This chapter takes a closer look at Hegel's and Kierkegaard's theories of communication, and shows that both entail conceptions of the therapeutic power of language. It argues that whereas Hegel quite straightforwardly celebrates the emancipator and curative power of language, Kierkegaard is more ambivalent, since on the one hand he dedicates his life to a maieutic authorship in service to the reader, but on the other, he believes that ultimately it is only faith in God that can cure us, and that faith requires silence. Lacan's psychoanalytic account of the role of language is used to explore Hegel's view that language constitutes the self as well as Kierkegaard's employment of an indirect form of communication that he hopes will enable him to fulfill each of his apparently conflicting goals: to write and yet to remain silent. Although both Hegel's and Kierkegaard's authorships are designed as forms of therapy, and as such imply a structural relation to the reader analogous to the relation between analyst and analysand, two quite different conceptions of the ethics of this relation emerge.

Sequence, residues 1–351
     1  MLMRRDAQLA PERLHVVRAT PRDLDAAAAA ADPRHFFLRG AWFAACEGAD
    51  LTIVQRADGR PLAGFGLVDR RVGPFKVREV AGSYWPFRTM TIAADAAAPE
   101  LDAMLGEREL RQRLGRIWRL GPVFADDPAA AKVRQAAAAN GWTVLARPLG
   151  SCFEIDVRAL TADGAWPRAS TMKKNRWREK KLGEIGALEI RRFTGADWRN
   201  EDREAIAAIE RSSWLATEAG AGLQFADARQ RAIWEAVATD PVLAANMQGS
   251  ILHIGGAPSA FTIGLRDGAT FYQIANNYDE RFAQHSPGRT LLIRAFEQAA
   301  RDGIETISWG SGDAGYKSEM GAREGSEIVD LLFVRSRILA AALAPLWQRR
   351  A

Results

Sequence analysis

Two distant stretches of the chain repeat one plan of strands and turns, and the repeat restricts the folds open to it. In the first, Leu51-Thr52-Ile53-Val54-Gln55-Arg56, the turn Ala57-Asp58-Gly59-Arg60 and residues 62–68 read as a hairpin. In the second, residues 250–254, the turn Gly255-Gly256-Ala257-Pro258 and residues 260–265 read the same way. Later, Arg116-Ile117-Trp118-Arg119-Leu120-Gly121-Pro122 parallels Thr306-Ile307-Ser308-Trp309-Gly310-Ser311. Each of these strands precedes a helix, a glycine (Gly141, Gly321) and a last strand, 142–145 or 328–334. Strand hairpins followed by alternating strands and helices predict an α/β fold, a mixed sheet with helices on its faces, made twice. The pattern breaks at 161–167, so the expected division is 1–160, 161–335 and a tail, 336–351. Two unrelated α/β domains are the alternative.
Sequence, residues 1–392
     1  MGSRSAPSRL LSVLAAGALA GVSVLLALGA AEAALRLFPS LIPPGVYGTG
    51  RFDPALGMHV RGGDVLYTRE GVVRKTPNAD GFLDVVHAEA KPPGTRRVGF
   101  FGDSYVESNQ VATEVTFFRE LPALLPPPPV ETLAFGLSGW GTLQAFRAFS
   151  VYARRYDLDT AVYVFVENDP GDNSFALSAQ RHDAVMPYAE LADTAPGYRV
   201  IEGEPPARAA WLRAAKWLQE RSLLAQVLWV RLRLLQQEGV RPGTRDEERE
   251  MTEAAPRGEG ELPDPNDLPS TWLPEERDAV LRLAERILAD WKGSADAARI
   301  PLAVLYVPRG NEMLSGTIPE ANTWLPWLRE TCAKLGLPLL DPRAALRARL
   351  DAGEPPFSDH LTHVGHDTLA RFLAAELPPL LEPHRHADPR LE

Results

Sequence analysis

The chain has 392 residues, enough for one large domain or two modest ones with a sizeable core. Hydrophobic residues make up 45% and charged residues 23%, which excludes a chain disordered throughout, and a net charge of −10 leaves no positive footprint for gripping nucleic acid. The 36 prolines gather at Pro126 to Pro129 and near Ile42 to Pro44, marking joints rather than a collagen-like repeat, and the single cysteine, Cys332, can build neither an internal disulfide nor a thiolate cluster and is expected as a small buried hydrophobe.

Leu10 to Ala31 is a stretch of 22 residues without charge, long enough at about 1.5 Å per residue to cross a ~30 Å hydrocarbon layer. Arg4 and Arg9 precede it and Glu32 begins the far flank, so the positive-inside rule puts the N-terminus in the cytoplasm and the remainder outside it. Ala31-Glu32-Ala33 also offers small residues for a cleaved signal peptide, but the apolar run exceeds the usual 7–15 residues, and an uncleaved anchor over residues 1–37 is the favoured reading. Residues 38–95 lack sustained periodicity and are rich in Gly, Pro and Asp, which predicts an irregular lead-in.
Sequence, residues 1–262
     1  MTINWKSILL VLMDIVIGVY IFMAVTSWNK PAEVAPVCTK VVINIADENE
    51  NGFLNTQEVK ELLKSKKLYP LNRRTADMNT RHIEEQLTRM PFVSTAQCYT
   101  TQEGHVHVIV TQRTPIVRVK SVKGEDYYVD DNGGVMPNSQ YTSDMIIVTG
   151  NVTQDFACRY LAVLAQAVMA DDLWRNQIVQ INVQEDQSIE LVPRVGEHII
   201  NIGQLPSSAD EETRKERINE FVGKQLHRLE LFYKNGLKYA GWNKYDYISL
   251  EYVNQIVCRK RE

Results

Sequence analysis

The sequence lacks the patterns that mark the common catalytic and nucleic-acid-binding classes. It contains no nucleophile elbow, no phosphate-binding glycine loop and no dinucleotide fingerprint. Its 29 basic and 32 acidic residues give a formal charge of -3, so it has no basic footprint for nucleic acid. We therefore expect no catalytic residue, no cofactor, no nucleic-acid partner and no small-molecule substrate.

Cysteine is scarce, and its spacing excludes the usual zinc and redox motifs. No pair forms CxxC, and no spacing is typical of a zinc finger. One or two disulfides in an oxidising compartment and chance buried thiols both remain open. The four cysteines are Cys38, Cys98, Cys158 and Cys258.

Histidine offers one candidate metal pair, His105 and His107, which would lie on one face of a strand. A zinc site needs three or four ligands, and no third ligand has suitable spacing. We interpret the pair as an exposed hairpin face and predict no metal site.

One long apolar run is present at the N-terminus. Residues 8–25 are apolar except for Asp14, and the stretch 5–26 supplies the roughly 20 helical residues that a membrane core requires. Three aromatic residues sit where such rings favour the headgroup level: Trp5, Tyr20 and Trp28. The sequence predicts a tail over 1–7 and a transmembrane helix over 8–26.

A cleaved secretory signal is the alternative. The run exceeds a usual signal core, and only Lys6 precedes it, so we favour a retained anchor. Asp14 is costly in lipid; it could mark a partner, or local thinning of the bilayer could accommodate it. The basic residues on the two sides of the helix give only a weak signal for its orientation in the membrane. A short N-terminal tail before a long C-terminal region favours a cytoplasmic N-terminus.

Keywords: Søren Kierkegaard; G. W. F. Hegel; communication; language
Chapter. 10357 words.
Subjects: Philosophy of Language
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